Cousins, part 1

In The Human Blueprint: The Race to Unlock the Secrets of Our Genetic Script, science writer Robert Shapiro at one point explains that if you pick any two people at random on the street, it’s nearly impossible to go back more than six hundred years before finding a common ancestor. Yes, even if the two people appear to be of completely different races.

There are several caveats, the biggest being that is isn’t impossible, it’s just that the probability has gone down to such an incredibly small number (there were a bunch of zeros between the decimal point and the 1 in the percentage he gave), that for most purposes it might as well be impossible. There are pockets of human population that have been isolated for many more generations than covered in 600 years, of course. But they’re very small.

He also explained how for most of human history most people lived their entire lives within 30 miles of the place they were born, which was usually the same community where both their parents lived, and their parents before them, and so on. So most everyone in a particular community were related to each other, at least distantly.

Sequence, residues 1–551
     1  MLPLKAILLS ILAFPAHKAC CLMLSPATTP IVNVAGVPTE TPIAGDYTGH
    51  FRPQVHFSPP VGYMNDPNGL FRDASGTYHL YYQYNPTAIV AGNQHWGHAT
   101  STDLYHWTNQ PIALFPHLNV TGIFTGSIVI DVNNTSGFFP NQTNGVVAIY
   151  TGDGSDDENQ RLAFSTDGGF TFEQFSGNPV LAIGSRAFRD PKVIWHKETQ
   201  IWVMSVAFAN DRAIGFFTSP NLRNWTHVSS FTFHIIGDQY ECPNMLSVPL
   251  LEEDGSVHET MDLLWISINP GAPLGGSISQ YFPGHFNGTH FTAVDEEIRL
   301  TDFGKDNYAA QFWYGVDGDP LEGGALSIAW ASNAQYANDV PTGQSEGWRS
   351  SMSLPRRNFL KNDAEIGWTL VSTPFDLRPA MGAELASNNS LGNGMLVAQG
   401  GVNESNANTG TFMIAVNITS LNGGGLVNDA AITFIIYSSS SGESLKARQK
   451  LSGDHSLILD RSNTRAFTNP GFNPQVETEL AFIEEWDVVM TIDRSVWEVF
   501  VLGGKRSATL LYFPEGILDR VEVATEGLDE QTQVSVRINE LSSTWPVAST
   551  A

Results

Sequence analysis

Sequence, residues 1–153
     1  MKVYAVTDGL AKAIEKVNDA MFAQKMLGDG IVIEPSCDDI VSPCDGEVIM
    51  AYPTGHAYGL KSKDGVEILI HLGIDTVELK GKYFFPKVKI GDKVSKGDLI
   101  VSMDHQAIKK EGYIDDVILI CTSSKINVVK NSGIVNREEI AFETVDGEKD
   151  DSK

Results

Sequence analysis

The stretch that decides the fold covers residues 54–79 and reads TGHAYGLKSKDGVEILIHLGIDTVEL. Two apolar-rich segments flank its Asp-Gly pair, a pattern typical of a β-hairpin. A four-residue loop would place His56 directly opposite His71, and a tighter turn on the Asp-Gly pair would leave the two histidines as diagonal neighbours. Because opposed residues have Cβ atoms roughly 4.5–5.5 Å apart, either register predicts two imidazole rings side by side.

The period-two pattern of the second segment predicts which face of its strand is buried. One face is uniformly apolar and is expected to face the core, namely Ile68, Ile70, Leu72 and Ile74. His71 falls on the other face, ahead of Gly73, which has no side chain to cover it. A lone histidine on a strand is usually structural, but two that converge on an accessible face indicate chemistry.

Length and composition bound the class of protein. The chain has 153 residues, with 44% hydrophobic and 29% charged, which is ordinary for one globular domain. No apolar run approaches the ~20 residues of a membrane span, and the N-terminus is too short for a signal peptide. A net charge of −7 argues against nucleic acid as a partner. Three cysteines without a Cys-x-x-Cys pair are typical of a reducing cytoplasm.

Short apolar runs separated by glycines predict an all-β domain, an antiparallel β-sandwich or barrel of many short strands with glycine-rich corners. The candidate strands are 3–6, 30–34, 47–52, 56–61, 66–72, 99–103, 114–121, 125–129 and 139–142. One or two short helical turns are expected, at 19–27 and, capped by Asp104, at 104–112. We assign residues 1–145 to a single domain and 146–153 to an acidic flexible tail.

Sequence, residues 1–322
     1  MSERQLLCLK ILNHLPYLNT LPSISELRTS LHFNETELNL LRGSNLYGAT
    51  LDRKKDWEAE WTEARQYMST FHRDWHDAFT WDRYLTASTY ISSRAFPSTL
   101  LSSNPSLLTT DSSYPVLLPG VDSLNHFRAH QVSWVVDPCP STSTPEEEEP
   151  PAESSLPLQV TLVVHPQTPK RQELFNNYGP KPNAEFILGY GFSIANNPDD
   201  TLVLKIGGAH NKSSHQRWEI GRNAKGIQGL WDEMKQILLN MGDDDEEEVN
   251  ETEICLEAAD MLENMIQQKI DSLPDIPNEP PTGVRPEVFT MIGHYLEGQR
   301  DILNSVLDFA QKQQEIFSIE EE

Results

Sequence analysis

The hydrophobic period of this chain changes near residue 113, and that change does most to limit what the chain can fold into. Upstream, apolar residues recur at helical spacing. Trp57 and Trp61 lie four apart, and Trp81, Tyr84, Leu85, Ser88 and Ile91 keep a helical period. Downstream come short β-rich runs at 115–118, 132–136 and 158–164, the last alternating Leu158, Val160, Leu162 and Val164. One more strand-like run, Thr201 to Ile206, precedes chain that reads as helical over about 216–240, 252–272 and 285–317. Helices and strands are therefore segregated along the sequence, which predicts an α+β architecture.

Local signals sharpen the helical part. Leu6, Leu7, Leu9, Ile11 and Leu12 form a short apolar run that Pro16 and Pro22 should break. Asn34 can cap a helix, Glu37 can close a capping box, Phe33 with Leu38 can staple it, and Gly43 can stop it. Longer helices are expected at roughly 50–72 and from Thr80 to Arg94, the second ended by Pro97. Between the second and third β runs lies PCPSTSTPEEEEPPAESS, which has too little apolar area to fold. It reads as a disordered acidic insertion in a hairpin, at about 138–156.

That doesn’t contradict the previous statement, beacuse all you needed was a small fraction of people to occasionally wander far afield before finding someone to have a family with, and in a matter of a dozen or so more generations, most of the population of said insular community have inherited at least some genes from that one wanderer, and are now all distantly related to everyone back in his old community. They just don’t know it.

Humans have been doing this for hundreds of thousands of years, long before modern technology made world travel and relocation commonplace.

In other words, we’re all cousins, of one sort or another.

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